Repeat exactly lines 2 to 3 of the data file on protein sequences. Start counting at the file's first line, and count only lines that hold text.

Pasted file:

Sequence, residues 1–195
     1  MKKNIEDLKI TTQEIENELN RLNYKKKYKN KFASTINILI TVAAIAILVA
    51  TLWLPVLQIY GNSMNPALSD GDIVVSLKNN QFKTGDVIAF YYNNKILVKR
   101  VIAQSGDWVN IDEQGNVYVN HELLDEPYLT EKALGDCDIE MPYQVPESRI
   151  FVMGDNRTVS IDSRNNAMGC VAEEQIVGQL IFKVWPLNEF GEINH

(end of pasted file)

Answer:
     1  MKKNIEDLKI TTQEIENELN RLNYKKKYKN KFASTINILI TVAAIAILVA
    51  TLWLPVLQIY GNSMNPALSD GDIVVSLKNN QFKTGDVIAF YYNNKILVKR